LARGO — Motorists driving down Eighth Avenue SE likely have seen the message flashing on the marquee at Largo Middle School: "We are Larglorious."
And if they've been a part of the Largo community for a few years, perhaps they have asked themselves, "Is this a play on that nasty word?"
For years, Largo residents have put up with a derogatory term whose origin is a mystery.
Students and teachers at Largo Middle want to stamp out that word forever, said Alisa Gatlin, the principal of the school. They have a new word they feel is a more apt description of their school community: Larglorious.
"Larglorious is about glorifying the students," Gatlin explained.
The term "Larglorious" came about a few months ago, when Carolyn Bystrycki, the eighth-grade office clerk, heard some girls talking about how students at another school offended them.
"I heard a student say she was angry because she was told that she goes to Larghetto Middle,'' Bystrycki said.
"I told her that what she needed to do in a situation like that is show them what she truly is. I told her that she needed to hold her head up high, and say, 'We are Larglorious,' " said Bystrycki, 37.
Gatlin, who arrived at Largo Middle in August 2010, is getting credit from some parents for bringing positive change to the school.
When Angela Williams first found out her daughter, now in seventh grade, was zoned for Largo Middle, she wasn't happy.
"Honest to God, I was scared to death,'' Williams said. "The school had an awful reputation. People at work referred to it as Larghetto Middle because of behavior of children at school."
Now halfway through her second year at the school, her daughter "is benefitting from attending Largo Middle,'' Williams said. "She went to an elementary school where the mix of students was different, and frankly, it's good she now knows that she's not the only black girl who makes straight A's.''
These days "Larglorious'' can be heard echoing through the halls.
Administrators began using it in correspondence going home to families. It's heard frequently over the school intercom system, and the cheerleaders are working on a chant: "Larglorious! Larglorious!'' for future sporting events.
"I don't know who said Larghetto first, but I remember hearing it even when I was a high school student down at Boca Ciega years ago,'' said Bystrycki. "When I think about where Boca Ciega is located — Gulfport. I mean, why would people there call Largo that? How different is Gulfport than Largo?''
In the past several years, Largo Middle has had its challenges. Since 2005, the school has had four principals, and in December 2008, a teacher committed suicide on school property during the winter break.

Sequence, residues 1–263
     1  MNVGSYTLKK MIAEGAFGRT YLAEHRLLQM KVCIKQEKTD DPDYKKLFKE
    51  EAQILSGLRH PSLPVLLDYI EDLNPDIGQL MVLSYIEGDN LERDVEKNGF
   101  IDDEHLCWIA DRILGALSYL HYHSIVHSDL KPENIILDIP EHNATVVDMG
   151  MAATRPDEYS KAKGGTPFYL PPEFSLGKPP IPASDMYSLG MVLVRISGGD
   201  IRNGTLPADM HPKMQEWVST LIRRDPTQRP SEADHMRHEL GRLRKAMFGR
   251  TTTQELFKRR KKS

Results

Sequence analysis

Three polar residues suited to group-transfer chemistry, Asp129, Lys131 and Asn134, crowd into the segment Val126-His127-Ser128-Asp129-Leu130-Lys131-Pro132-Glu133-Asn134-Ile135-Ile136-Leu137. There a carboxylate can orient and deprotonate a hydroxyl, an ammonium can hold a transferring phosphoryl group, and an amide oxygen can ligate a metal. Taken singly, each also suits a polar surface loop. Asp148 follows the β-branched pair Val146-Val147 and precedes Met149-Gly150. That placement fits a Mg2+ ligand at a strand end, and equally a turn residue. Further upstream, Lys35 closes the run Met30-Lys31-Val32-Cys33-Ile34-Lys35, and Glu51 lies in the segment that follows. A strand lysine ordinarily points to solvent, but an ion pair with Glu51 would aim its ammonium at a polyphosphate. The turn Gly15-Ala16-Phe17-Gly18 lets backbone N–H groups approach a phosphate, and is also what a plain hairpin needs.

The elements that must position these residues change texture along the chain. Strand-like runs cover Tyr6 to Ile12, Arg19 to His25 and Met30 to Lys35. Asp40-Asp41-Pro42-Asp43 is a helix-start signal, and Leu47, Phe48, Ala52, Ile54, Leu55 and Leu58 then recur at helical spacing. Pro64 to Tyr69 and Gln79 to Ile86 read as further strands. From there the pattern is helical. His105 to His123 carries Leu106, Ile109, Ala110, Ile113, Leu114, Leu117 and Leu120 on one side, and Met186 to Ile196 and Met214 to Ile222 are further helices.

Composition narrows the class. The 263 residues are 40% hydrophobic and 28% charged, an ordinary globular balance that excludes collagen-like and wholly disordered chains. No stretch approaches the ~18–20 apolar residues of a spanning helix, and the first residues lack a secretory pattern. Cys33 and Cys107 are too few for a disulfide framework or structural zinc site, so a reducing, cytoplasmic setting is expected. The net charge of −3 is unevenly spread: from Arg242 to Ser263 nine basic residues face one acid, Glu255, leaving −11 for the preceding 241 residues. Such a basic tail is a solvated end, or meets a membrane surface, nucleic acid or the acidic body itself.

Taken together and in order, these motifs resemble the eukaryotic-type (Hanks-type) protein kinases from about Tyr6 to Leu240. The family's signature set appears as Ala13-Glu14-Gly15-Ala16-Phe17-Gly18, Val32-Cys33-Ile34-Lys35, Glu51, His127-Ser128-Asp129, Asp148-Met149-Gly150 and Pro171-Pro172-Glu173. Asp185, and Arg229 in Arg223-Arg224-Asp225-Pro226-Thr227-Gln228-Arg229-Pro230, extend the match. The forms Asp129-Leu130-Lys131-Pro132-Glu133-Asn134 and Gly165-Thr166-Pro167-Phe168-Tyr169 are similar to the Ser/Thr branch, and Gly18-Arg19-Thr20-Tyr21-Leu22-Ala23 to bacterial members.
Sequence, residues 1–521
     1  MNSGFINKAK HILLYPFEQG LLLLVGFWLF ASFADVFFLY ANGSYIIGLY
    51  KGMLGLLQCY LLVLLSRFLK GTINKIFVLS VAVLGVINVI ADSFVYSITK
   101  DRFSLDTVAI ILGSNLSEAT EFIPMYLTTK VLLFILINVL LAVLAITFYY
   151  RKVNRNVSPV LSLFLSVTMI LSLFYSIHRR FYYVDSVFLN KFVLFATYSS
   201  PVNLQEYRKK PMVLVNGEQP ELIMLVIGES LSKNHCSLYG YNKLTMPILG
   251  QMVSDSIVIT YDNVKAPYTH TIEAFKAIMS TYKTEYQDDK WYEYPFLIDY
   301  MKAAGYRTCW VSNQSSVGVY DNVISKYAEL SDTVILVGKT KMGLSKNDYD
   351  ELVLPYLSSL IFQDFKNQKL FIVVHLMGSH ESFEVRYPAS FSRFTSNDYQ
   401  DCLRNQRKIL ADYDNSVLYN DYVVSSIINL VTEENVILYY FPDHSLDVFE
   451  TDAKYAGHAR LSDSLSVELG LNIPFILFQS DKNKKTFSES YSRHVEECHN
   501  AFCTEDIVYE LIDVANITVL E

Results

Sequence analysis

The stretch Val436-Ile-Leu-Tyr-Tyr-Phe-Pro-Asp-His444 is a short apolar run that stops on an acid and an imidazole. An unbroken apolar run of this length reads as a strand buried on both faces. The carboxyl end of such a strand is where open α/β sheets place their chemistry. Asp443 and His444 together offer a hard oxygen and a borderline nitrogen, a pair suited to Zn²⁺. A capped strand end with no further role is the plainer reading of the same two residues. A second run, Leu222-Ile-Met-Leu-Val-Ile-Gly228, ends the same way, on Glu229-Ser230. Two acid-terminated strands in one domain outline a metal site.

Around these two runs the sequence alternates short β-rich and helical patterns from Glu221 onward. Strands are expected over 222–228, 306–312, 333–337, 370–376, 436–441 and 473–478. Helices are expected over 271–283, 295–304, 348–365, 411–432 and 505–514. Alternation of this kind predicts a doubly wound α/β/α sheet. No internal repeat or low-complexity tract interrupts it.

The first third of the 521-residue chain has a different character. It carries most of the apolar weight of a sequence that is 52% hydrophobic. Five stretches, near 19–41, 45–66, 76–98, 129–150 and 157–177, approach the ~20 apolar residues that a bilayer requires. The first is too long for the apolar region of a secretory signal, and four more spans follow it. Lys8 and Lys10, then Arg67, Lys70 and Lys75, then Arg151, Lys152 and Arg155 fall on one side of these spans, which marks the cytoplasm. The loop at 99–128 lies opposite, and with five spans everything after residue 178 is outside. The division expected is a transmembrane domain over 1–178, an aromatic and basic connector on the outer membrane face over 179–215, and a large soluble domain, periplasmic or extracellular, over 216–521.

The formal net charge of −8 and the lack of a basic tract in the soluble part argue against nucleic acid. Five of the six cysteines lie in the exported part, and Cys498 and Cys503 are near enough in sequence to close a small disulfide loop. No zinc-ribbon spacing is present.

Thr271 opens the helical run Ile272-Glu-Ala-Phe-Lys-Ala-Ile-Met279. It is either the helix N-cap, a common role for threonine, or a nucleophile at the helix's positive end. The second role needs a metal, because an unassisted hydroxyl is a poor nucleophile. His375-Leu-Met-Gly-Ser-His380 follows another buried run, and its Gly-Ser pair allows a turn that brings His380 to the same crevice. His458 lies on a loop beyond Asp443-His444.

About 73 percent of the 950 students are on either free or reduced-price lunch.
Gatlin, a former principal at Palm Harbor Middle and Forest Lakes Elementary, said she was aware from the beginning that the school wasn't a perfect place.
"It had been reported that there were safety issues,'' said Gatlin, 51. "My number one goal was safety.''
She also realized an attitude adjustment was in order. "I saw a lack of confidence among the students, and when you don't have a good belief in yourself, you don't see a good future,'' she said.
When she arrived at Largo Middle, she enforced a stronger, no-tolerance approach to fighting and bullying in the hallways. She also "began encouraging the students to be kinder to each other, to open the doors for one another,'' Gatlin said.
She created the Respect and Responsibility Card program, in which students earn extra privileges for exemplary behavior and grades. And Gatlin has also overseen the launch of the AVID program, which stands for Advancement Via Individual Determination. It is a program used in several selected Pinellas County schools aimed at motivating underserved students in the academic middle by raising expectations and providing added support.
Because of the way it encourages independent thinkers and academic success, Gatlin has incorporated some of the AVID curriculum schoolwide. "I think having AVID is also adding to the positive environment,'' she said.
Seventh-grader Alexa McKenna decided to honor the positive changes at her school last month. In music class, the alto saxophonist created a musical composition.
"I wanted (music) that wasn't intense like classical Beethoven. I wrote an upbeat song,'' she said.
And what title did she give it?
"Larglorious,'' she said.
Her band instructor, Robin Benoit, who has been at the school since 1998, was thrilled to receive the new song.
"The term Larghetto has been used to describe both the middle school as well as Largo High for as long as I've been around. When I saw Alexis' song, I thought it was great," Benoit said. "What's crazy is that both 'largo' and 'larghetto' are musical terms. Largo means slow, and larghetto means slower, and it's always bothered me. Calling anything in Largo larghetto has just never made sense.''
Gatlin, too, has been mystified about how the derogatory term became so ingrained.
"Largo is such a charming community and filled with good, kind people,'' she said.
Piper Castillo can be reached at (727) 445-4163 or firstname.lastname@example.org.